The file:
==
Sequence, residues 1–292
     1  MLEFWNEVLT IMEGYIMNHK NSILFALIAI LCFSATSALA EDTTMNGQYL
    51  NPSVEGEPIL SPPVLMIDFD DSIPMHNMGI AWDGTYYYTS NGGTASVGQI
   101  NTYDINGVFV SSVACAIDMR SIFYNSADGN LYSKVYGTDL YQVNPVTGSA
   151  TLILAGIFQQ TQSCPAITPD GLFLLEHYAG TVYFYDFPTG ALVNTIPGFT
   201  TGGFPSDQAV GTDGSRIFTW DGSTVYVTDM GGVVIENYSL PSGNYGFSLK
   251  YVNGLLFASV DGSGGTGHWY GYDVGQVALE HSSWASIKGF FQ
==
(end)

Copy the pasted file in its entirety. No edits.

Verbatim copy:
Sequence, residues 1–292
     1  MLEFWNEVLT IMEGYIMNHK NSILFALIAI LCFSATSALA EDTTMNGQYL
    51  NPSVEGEPIL SPPVLMIDFD DSIPMHNMGI AWDGTYYYTS NGGTASVGQI
   101  NTYDINGVFV SSVACAIDMR SIFYNSADGN LYSKVYGTDL YQVNPVTGSA
   151  TLILAGIFQQ TQSCPAITPD GLFLLEHYAG TVYFYDFPTG ALVNTIPGFT
   201  TGGFPSDQAV GTDGSRIFTW DGSTVYVTDM GGVVIENYSL PSGNYGFSLK
   251  YVNGLLFASV DGSGGTGHWY GYDVGQVALE HSSWASIKGF FQ